Words play a vital role in how we communicate, so it is in the right sense that we would want our computers to be able to work with words and sentences as well.
In Python, something like a word or sentence is known as a string. A string is a sequence of characters contained within a pair of 'single quotes' or "double quotes". A string can contain any letters, numbers, symbols and spaces.
In this post, our objective is to learn more about strings and how they are treated in Python. We will learn how to slice strings, select specific characters from strings, iterate through strings and use strings in conditional statements. Now let's zoom in.
A string can be thought of as a list of characters. Like any other list, each character in a string has an index. Consider the string:
name = 'Kwame'
Specific letters from this string can be selected using the index. Let’s say we decide to select the first letter of the string.
This would output:
What about the third letter?
Not only can a single character be selected from a string, but entire chunks of characters can also be selected. This can be done with the following syntax:
This process is known as slicing. When a string is sliced, a new string that starts at the first_index and ends at (but excludes) the last_index is created. An example would be:
This would result in:
There can also have open-ended selections. If the first index isn't included, the slice starts at the beginning of the string and if we remove the second index the slice continues to the end of the string. Here are some examples:
These lines result in:
We can also concatenate, or combine, two existing strings together into a new string. Consider the following two strings:
firstname = 'Nana'
lastname = 'Yaw'
A new string is formed by concatenating the above strings as follows:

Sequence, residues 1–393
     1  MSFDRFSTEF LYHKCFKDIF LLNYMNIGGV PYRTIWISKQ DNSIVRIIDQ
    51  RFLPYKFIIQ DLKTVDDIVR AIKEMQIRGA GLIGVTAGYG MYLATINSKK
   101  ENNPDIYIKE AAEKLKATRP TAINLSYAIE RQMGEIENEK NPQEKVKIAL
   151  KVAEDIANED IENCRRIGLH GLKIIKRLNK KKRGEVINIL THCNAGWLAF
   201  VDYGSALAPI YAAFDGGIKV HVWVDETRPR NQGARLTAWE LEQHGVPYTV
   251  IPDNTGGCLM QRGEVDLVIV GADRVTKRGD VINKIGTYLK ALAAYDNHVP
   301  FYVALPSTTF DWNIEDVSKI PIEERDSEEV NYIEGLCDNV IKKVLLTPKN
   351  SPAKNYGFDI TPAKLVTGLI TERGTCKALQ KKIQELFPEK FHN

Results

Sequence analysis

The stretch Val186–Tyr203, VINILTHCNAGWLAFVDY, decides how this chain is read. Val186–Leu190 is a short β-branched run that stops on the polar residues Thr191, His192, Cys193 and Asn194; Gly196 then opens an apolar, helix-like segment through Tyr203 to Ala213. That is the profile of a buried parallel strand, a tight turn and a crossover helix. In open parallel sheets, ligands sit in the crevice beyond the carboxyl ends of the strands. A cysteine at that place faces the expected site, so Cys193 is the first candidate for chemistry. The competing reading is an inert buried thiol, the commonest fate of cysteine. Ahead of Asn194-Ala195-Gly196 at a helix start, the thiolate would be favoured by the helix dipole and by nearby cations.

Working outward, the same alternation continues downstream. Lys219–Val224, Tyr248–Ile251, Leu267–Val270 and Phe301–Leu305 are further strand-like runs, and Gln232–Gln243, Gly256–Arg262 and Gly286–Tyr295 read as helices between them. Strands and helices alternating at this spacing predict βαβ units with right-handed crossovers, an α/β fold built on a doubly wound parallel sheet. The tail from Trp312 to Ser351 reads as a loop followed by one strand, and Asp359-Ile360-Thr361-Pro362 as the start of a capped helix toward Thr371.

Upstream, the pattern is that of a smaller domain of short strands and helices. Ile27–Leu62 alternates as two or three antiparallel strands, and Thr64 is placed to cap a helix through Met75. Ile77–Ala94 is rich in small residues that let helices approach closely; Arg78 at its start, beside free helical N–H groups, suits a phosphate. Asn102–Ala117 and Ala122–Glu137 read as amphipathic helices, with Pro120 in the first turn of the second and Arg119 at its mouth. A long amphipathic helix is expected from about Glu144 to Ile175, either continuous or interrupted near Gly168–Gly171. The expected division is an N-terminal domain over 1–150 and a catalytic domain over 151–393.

fullname = firstname + lastname
The resulting concatenation will be:
Notice that there are no spaces added here. We have to manually add in the spaces when concatenating strings if we want to include them.
fullname = firstname + ' ' + lastname
And the result is:
Python comes with some built-in functions for working with strings. One of the most commonly used of these functions is len() and this returns the number of characters in a string:
If you are taking the length of a string with spaces, the spaces are counted as well.
len() comes in handy when we are trying to select characters from the end of a string which has an index of len(string_name) - 1. The following line of code will return the last character in the string.
Because strings are lists, that means we can iterate through them using 'for' or 'while' loops. This opens up a whole range of possibilities of ways that can be manipulated to analyze strings. Let's take a look
for letter in fullname:
This will iterate through each letter in fullname word and will print it as follows:
When we iterate through a string we perform an action with each character. By including conditional statements inside of these iterations, we can manipulate the characters extra. Let's analyze what the following code does:
counter = 0
for letter in fullname:
if letter == 'a':
counter += 1
This code will count the number of 'a; in fullname. First, a counter is initialized to zero. The 'for' loop iterates through each character in fullname and compares it to the letter 'a'. Each time a character equals 'a' the code will increase the variable counter by one. Once all characters have been checked, the code will print the counter, telling us how many 'a' are in fullname.
Another method to determine if a character is in a string is using the keyword 'in'. 'in' checks if one string is part of another string. Here is how the syntax looks like:
substring in string
This is a boolean expression that is True if the substring is in the string.
Here is the link to the repo on GitHub